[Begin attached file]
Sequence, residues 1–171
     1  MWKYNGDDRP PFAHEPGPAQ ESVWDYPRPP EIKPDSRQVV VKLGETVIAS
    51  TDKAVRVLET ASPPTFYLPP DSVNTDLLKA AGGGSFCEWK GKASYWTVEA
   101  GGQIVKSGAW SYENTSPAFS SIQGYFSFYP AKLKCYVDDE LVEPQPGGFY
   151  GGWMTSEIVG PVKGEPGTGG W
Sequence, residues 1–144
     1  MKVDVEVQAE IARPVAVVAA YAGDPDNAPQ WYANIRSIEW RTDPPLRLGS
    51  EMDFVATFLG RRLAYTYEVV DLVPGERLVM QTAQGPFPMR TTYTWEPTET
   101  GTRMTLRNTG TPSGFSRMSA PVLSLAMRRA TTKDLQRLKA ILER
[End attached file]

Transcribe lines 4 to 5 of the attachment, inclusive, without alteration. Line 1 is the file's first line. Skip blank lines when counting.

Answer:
   101  GGQIVKSGAW SYENTSPAFS SIQGYFSFYP AKLKCYVDDE LVEPQPGGFY
   151  GGWMTSEIVG PVKGEPGTGG W